Book Review: It’s not Summer Without You

By Neha, Grade 9

Quick Note: This review contains spoilers for The Summer I Turned Pretty.

I recently finished reading the sequel to a recently popularized book, The Summer I Turned Pretty. It’s called It’s Not Summer Without You, and once again, it follows main character Belly Conklin as she tries to navigate life after the death of her family friend and mother figure Susannah Fisher. Along with that, Belly had also recently come out of her relationship with Conrad Fisher, leaving her feeling sad and empty. Throughout the book, Belly was forced to reconnect with Susannah’s sons, Conrad and Jeremiah Fisher by a shocking turn of events, and they end up needing to work together to save Susannah’s summer beach house. 

It's Not Summer Without You

Reading this book after watching the TV series created a very unique experience for me. Sure, the plot had already been revealed to me, but I felt that it helped me pay attention to the details that didn’t remain the same on TV. For example, in the TV show, Belly’s brother Steven and her best friend Taylor come along with Belly and the Fisher boys to save the house. In the books however, Belly, Conrad, and Jeremiah end up attempting to do it alone. I can see why author Jenny Han may want to keep the party small- it keeps the setting more intimate, and as Belly experiences romantic tension with both of the boys, Han may have wanted to keep the reader’s attention on them instead of the side characters. Unfortunately, the tactic didn’t quite work for me because I found myself missing Steven and Taylor’s side story, which was one of my favorite parts of the TV series. Sure, maintaining a small group kept my attention on the main plot, but it also made the story a little boring to me. By incorporating more characters and layers into the plot, Han could have retained the main plot, while still giving the reader some breaks and comic relief. Han could have also done so by diving deeper into Belly’s emotions, which she did very well in the first book. However, I felt that the reader was more distant from Belly and didn’t hear as much of her inner thoughts about the whole emotionally exhausting situation as they could have. This ended up detracting from the initial appeal for the series, at least for me, but it wasn’t all bad.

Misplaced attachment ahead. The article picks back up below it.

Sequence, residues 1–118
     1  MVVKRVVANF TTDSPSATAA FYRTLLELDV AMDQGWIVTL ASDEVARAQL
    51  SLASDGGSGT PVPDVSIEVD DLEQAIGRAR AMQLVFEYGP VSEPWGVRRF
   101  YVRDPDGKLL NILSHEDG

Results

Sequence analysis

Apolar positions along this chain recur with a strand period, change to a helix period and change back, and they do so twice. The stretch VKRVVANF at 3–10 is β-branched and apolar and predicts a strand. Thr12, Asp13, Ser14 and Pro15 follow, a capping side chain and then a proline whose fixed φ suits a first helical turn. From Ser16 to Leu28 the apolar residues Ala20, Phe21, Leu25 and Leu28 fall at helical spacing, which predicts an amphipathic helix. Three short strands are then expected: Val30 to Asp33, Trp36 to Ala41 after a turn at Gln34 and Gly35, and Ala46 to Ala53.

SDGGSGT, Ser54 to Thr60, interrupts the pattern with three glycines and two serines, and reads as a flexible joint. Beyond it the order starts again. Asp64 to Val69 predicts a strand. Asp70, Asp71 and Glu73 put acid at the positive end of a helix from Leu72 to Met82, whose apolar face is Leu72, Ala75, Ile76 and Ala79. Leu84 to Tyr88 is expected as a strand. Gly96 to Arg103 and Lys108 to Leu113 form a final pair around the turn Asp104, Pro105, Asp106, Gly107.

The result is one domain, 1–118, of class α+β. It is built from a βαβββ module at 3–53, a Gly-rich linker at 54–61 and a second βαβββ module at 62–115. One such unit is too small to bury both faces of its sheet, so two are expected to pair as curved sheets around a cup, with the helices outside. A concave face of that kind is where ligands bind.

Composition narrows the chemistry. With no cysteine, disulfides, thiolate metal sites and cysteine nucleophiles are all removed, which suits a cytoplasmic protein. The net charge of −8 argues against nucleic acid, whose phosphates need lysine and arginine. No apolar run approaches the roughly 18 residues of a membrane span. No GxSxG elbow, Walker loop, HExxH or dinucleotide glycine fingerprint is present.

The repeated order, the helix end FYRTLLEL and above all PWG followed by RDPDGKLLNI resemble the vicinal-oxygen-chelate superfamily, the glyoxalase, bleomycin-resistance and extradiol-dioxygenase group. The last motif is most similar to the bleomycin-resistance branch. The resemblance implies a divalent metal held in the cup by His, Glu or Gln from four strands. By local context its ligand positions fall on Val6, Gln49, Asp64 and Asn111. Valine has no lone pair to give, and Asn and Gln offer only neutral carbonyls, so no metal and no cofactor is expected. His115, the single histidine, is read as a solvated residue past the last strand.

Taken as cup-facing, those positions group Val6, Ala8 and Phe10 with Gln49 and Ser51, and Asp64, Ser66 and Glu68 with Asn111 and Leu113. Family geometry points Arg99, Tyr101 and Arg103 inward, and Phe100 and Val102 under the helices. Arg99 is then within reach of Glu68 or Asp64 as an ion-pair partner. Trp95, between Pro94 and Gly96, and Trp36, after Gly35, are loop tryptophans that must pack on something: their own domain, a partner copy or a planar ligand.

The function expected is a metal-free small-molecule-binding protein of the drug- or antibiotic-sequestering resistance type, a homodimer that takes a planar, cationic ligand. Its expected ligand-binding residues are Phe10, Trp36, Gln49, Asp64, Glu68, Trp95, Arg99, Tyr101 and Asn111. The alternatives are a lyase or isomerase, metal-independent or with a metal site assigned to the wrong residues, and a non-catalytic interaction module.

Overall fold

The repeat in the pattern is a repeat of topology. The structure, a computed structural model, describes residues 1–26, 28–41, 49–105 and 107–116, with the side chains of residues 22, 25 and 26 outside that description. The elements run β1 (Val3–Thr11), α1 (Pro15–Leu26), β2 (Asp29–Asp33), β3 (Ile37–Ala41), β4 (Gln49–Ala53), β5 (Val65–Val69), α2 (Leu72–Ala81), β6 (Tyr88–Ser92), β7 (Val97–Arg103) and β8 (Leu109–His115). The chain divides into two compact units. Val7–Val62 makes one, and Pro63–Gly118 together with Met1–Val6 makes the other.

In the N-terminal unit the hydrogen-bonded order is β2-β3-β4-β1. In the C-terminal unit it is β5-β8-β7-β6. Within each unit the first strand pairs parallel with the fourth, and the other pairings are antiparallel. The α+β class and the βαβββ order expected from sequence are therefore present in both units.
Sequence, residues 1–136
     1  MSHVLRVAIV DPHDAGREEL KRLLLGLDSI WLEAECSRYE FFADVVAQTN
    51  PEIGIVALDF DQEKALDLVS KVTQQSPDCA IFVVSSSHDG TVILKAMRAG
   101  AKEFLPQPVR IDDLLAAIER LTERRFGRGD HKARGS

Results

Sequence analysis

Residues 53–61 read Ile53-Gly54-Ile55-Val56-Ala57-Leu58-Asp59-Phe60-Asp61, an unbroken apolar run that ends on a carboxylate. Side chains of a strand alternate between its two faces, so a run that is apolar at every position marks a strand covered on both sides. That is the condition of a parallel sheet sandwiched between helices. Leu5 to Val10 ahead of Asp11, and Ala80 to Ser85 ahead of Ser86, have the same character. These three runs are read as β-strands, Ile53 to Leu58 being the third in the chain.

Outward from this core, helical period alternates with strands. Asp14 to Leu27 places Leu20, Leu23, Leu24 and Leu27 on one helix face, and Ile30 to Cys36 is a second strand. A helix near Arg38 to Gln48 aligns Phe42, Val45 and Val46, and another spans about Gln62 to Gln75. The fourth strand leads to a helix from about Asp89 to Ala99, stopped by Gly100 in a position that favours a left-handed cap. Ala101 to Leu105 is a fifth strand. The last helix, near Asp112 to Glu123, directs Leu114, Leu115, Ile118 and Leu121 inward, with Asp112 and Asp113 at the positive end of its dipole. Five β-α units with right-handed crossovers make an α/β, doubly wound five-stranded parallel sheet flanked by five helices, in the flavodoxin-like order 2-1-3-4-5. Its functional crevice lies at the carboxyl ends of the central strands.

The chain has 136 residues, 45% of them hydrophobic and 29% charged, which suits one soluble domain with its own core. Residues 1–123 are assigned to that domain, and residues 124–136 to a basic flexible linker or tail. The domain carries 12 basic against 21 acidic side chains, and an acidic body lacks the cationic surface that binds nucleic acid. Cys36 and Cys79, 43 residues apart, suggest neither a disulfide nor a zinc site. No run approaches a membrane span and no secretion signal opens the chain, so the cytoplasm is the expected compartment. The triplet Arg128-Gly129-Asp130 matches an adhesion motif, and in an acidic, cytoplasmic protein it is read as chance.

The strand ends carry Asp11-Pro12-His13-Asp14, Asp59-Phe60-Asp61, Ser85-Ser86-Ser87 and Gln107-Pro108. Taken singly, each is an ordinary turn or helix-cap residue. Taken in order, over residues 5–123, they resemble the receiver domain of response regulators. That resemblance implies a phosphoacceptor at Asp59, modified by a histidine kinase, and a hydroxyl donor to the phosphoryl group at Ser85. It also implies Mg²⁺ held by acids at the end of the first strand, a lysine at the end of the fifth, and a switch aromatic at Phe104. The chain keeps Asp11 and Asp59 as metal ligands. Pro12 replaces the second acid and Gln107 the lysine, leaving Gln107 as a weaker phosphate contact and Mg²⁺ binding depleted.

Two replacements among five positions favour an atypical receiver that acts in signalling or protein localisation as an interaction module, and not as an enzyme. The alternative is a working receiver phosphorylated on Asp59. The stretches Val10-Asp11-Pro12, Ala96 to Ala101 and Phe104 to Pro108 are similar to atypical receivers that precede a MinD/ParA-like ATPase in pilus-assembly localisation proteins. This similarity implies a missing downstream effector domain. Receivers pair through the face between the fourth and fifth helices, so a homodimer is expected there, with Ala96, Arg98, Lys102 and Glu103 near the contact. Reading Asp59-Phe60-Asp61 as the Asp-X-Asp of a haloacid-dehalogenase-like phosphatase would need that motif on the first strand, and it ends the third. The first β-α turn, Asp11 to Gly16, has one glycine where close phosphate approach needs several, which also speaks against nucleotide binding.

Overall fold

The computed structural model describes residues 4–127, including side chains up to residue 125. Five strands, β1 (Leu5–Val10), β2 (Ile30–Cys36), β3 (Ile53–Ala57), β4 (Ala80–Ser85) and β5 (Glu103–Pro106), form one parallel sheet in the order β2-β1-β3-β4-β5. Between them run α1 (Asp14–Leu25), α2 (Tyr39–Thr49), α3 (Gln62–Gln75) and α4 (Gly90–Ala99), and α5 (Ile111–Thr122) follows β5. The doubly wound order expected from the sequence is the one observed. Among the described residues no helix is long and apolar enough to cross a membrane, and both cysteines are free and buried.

Han made a few changes that I really appreciated as well. My biggest praise for this book was that we got to see more of the Fisher boys, especially Jeremiah. Although the first book was solely from Belly’s perspective, It’s not Summer Without You includes a couple chapters from Jeremiah’s perspective. In the first book of the series, Belly has a lot to say about Conrad, but she doesn’t address Jeremiah in the same way- as expected, since Conrad was her first love. This changes in the second book, and the reader suddenly empathizes with Jeremiah, and grieves Susannah’s loss with him. Han did an excellent job of illustrating Jeremiah’s reaction to his mother’s death, and the betrayal he felt at Conrad and Belly’s relationship. Jeremiah quickly became one of my favorite characters after reading the second book, and I was completely torn, unable to take a stance on the love triangle that It’s Not Summer Without You presented. 

Overall, I think this book was strong, but not as strong as it could have been. The plot was very well-written, but the characters could have used a little more work. If Han had dug into Belly’s emotions in the same way she did with Jeremiah, I probably would have enjoyed the book more. I’d recommend this read to anyone who likes the love triangle trope, summer vacation settings, but doesn’t mind slightly underbaked characters. 3.5 stars.